Sometimes families of deafblind and multi-sensory impaired children struggle to understand just how much their child can see and hear.
Many deafblind children have some useful vision and / or hearing, while some multi-sensory impaired children may initially appear to be deafblind but have just not yet learned to properly use their senses. Other children may have fluctuating vision and hearing levels, or the results from testing may be unclear.
A holistic assessment like those carried out by the Children’s Specialist Services team will help a family to see what their child can do and how they can be supported to develop further.
Purpose of the assessment
To look at the child as a whole, identifying their strengths and how they can be built upon. Our team works with families to identify priority areas before the assessment day so they know what areas to focus on. These might include early communication or ideas for play and learning.
- The child and their family, including siblings and grandparents
- Local professionals involved with the child, such as a teacher of the visually or hearing impaired, physiotherapists, intervenor
- The day is run by members of the Children’s Specialist Services team
What happens on the day?
- Informal observations are undertaken throughout the day
- It is a child-centred / child-led day
- Play-based assessment
- Sharing observations and informal discussion throughout the day
- Video and digital photos will be taken
- Time for reflection and questions
What happens after the day?
- The family will receive a video and written report containing observations and photographs
- The report will suggest activities to help develop your child
- Reports will be sent to the professionals the family feel are important to their child
Getting in touch
If you think your child may benefit from a holistic assessment talk to your Sense key contact.
If you are new to Sense then please contact Sense’s information and advice service who will ensure that you are put in touch with the right person.
When we talk about holistic assessments we mean that we are going to look at the whole of a child or young person, not just at individual elements of their physical make-up like their eyes or their ears.
If you have a visual and / or hearing impairment then environmental conditions such as lighting or background noise levels can hugely affect your residual vision or hearing.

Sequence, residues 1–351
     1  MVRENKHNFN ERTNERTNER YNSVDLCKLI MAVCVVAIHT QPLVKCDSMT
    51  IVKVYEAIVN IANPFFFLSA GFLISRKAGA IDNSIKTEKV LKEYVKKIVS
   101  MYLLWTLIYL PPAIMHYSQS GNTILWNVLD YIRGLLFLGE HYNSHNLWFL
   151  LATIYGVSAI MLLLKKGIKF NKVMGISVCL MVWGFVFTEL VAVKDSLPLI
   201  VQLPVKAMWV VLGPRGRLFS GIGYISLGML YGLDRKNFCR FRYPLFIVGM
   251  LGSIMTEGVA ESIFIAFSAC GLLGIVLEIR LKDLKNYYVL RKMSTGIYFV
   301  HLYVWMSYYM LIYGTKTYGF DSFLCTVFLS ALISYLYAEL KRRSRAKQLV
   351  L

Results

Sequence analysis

Most people with single-sensory impairments (sight or hearing) learn to change their environment, or tell others how to help them, so that they can see or hear as well as possible. Most children who are multi-sensory-impaired, however, are unable to explain how they see or hear best, or how they are affected by hindering conditions.
These issues, and others such as which activities the child prefers, usually need to be determined by observing the child's responses in a range of different situations. In turn, this information is valuable to specialist assessors in planning and interpreting their assessments.
Detailed observation can tell us many things, including:
- How children use their senses in everyday situations - what motivates them and how they respond
- Which factors affect their use of their senses and their ability to function throughout the day in different environments and situations
- Their likes and dislikes - giving a basis for communication
- How well they access and interpret information - for example, whether they anticipate steps in a familiar routine
What and how to observe
A good place to start is by noting down what children respond to, the circumstances and how they respond. A simple observation grid can be used to note responses as they happen. It is important to include information about the child's surroundings, the activity and the behaviour of the person working with the child.
Video recording is extremely useful because it allows an episode to be frequently viewed, perhaps by different people, allowing layers of understanding to develop.
Over time, patterns of circumstances or responses may emerge. For example, you might suspect that the child prefers rough textures to smooth, or cannot use sight and hearing at the same time, or freezes at the sound of the dinner trolley. These suspicions can be checked for accuracy, and the information used in deciding appropriate targets or teaching strategies.
An alternative approach is deliberately to present children with a range of objects or activities and to note their responses. The Affective Communication assessment uses this approach to identify patterns of behaviour meaning "I like …", "I don't like …" and "I'm not sure about …".
Video recording is almost essential, as otherwise small responses are very easily missed. The approach can also be used to assess responses to specifically visual, auditory or tactile stimuli.
A number of assessment frameworks and checklists are available, although very few have been developed specifically for deafblind children.
Those developed for other children should be used with great caution, because the very different information available to children who are multi-sensory-impaired will affect their behaviour and hence the significance of checklist items.
Where to get help
Most local education authorities have specialist teachers, qualified in the education of children who are multi-sensory-impaired, often as part of their visiting teacher service or sensory support service. These teachers will be able to help with assessment, interpretation and intervention.
- Vision for Doing, by Stuart Aitken and Marianna Buultjens, discusses visual assessment with a wealth of more general information and ideas. Available online at the Scottish Sensory Centre's website.
- The Affective Communication Assessment is available from Melland High School, Holmcroft Road, Gorton, Manchester M18 7NG
First published: Tuesday 12 June 2012
Updated: Monday 26 June 2017